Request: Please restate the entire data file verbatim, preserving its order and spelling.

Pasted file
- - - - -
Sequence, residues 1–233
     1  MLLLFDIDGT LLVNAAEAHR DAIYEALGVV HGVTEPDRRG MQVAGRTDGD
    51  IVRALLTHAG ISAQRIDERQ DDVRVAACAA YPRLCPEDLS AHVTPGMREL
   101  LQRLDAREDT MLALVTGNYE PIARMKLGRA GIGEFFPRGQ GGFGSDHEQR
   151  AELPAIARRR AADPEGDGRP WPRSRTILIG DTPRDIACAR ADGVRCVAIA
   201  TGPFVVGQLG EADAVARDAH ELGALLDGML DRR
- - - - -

Sequence, residues 1–233
     1  MLLLFDIDGT LLVNAAEAHR DAIYEALGVV HGVTEPDRRG MQVAGRTDGD
    51  IVRALLTHAG ISAQRIDERQ DDVRVAACAA YPRLCPEDLS AHVTPGMREL
   101  LQRLDAREDT MLALVTGNYE PIARMKLGRA GIGEFFPRGQ GGFGSDHEQR
   151  AELPAIARRR AADPEGDGRP WPRSRTILIG DTPRDIACAR ADGVRCVAIA
   201  TGPFVVGQLG EADAVARDAH ELGALLDGML DRR